Things to keep in mind about these videos: RoboBee is small enough to sit on the tip of your finger, and light enough that you’d barely feel it if it was. When it flies (or swims), it’s doing so under full control: a motion capture system tracks its position, and sends trajectory commands to the robot. This works in both air and water, and RoboBee’s method of entry (a pitch over, dive, crash, and sink) is deliberate. Also, the hovering at the beginning of the first video below looks a little bit wonky, but that’s because RoboBee still has some water on its wings from previous tests (a more stable hover is shown in that same video, after the diving sequence, and the second video below has more details about the experiments).

The key realization here is that swimming is actually a lot like flying: in both cases, you’re trying to propel yourself through a fluid by moving a wing (or fin) back and forth. To fly (and particularly to hover) you need to do this very quickly, but to swim, it’s a much more relaxed motion. It’s fundamentally the same motion, though, and you can achieve it with the same basic hardware. In the case of RoboBee, to fly in air it flaps its wings at 120 Hz, while to swim in water it flaps its wings at just 9 Hz. Otherwise, three axis torque control is very similar, meaning that the robot can be steered around in the water, too.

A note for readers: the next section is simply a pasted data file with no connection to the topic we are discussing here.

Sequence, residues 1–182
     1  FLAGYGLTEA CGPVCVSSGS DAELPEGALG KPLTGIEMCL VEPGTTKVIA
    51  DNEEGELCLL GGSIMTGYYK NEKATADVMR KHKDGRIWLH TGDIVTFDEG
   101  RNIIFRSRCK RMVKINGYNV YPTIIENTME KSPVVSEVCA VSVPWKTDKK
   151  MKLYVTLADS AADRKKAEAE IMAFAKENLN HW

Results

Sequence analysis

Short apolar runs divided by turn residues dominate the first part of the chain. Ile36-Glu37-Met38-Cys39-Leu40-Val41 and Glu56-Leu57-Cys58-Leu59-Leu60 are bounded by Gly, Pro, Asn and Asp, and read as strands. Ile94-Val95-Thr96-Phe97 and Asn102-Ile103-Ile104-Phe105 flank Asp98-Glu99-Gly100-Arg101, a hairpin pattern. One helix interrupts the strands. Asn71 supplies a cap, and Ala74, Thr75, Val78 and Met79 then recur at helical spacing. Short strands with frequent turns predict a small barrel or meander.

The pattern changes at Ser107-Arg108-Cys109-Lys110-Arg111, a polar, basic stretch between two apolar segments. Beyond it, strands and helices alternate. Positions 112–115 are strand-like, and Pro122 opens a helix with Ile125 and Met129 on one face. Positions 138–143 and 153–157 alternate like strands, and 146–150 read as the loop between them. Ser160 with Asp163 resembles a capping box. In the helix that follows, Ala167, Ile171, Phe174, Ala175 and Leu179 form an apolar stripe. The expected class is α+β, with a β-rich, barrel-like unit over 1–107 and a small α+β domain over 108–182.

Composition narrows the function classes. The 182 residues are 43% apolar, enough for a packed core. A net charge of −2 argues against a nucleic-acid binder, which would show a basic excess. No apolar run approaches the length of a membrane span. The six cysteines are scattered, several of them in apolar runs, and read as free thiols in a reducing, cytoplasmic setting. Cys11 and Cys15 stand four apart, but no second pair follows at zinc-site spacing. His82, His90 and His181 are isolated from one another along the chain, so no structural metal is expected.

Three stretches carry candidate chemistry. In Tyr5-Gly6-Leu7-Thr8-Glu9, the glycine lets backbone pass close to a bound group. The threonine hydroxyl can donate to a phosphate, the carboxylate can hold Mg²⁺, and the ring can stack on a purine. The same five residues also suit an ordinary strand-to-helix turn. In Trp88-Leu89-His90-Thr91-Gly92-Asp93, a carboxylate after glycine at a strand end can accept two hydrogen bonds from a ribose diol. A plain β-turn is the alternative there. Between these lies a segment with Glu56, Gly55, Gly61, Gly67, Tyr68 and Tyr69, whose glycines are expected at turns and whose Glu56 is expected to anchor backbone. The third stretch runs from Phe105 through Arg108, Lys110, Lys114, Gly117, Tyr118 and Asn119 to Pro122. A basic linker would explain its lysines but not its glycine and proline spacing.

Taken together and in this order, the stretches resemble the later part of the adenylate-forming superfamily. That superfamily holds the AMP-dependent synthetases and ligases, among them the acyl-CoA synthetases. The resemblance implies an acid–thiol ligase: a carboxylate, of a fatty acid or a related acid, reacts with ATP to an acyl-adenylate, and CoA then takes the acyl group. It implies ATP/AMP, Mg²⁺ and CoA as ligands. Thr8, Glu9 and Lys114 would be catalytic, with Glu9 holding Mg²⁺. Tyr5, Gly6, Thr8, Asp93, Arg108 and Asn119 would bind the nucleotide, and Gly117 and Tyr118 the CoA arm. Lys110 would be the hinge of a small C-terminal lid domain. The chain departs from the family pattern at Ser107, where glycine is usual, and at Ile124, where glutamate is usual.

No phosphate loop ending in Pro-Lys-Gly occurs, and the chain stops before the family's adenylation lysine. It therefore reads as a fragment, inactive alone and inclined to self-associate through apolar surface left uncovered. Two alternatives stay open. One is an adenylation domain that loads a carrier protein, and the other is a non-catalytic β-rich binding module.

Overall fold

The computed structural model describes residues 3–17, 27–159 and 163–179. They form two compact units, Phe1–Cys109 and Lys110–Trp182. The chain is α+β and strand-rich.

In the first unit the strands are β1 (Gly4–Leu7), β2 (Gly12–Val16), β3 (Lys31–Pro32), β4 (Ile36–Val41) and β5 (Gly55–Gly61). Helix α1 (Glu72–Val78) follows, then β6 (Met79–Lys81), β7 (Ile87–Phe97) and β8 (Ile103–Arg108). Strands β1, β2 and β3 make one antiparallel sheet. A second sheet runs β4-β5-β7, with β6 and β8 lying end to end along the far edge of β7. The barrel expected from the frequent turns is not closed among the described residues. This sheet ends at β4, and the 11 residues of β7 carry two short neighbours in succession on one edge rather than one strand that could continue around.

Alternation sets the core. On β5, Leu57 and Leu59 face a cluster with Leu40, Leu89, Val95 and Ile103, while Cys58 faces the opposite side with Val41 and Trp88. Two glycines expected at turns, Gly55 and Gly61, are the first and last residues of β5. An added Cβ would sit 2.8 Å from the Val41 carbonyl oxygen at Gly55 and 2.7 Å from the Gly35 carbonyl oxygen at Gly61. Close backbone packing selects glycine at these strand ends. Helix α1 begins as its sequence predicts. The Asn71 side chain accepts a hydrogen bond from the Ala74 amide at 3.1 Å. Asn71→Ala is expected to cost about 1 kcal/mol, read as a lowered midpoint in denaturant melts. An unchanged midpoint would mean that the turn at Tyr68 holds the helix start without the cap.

One unique problem that RoboBee has with the water entry is that it’s so small that the surface tension of the water is enough to keep it from submerging. This is part of the reason that it has to crash land in water [right] (it also needs to have its wings treated with a surfactant to help it sink). A fully loaded RoboBee (with a battery on board) might be heavy enough to avoid this problem, but at this point, it’s still an issue. Also still an issue is the whole water-air transition, which seems like it’s significantly more difficult than going from air to water, but we’ve been assured that the researchers will be tackling this in future work.